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  • Replicating the GA4 User Engagement value with Bigquery export

    Posted by Huong on 21 November 2022 at 6:51 am

    Hey there, I’ve been working with daily GA4 export data in BigQuery and trying to match the User Engagement value with what’s shown in the GA4 API.

          KEY = 'engagement_time_msec'))
      BI_1.analytics_331127371.events_<span class="hljs-operator">*</span>
    where _TABLE_SUFFIX between '20230301' AND '20230315'

    But here’s the issue – my numbers are coming out around 3% higher than the API. I checked out Google’s docs, and they’re saying that ‘engagement_time_msec’ is how User engagement is calculated. Have a look here: Google Analytics Help. Any ideas on where I’m going wrong?

    Alexander replied 11 months, 1 week ago 3 Members · 2 Replies
  • 2 Replies
  • Addison

    4 June 2023 at 2:58 am

    It’s not uncommon to see a difference between the numbers in BigQuery (BQ) and Google Analytics 4 (GA4) API reports. Actually, a 3% difference is relatively small.

    This discrepancy can occur because GA4 reports are based on sampled and pre-aggregated data, rather than raw data. Conversely, your query in BQ is running on raw data.

    If you need to cross-verify data between GA4 and BQ, I recommend working within the Explore section of GA4 and building out dashboards there. The preset GA4 reports don’t always give a detailed view of the data compared to what you might get from BQ, since they’re more catered towards those who may not be as versed in data analysis. So, no need to worry, you’re on the right track!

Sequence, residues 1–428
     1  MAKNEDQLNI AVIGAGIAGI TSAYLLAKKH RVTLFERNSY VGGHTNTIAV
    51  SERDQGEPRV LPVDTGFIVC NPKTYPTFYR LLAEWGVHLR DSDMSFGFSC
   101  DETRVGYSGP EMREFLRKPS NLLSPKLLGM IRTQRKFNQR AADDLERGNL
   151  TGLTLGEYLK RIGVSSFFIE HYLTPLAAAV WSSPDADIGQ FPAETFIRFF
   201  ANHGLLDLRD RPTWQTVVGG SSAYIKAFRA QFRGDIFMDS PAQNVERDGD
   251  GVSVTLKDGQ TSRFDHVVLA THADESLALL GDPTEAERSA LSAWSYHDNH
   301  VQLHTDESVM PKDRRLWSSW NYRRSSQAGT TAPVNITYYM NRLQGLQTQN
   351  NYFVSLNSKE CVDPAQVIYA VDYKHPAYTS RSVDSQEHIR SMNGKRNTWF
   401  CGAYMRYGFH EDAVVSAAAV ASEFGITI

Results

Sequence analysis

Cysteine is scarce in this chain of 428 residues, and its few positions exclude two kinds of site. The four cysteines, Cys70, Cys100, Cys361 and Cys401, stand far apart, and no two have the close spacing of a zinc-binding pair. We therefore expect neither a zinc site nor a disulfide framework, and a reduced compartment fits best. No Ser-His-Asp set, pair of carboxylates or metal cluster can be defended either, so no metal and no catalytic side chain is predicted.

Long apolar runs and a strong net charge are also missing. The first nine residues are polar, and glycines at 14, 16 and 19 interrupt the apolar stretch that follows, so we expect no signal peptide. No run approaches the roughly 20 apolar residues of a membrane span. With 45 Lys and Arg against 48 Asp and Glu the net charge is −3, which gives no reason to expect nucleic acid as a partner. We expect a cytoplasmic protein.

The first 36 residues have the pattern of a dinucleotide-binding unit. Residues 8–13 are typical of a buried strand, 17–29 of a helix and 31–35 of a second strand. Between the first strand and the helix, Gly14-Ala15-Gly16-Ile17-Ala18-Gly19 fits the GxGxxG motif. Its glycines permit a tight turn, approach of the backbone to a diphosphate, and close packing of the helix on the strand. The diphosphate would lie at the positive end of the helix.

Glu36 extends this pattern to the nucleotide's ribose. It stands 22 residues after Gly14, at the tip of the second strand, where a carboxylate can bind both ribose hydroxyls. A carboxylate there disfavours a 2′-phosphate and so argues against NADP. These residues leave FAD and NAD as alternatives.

• Alexander

    4 June 2023 at 2:57 pm

    The discrepancy may be due to various factors that affect data processing between Google Analytics 4 (GA4) and BigQuery. GA4 has additional features, such as engagement_time_msec, that are based on front-end JavaScript events. These events may not be logged with as much precision due to network latencies or system performance variations.

    The API might filter or adjust data for consistency before reporting, which is not reflected in the raw data. This can also be influenced by time zones of the servers where data accumulated, and the specific instant data is exported, which could lead to minor discrepancies.

    Lastly, be aware of the data latency. BigQuery’s data freshness can vary and can take up to 24-48 hours to sync fully. So, if you’re pulling data and comparing it with what’s being shown in the GA4 API at this moment, you might see some differences.

    Given these complexities, the 3% you’re seeing is within an acceptable margin of error. To align BigQuery data more closely with GA4’s API numbers, consider cross-checking your date range, app instance ID, and user_pseudo_id. If the problem persists and the discrepancy is major, you might want to consider contacting Google support.

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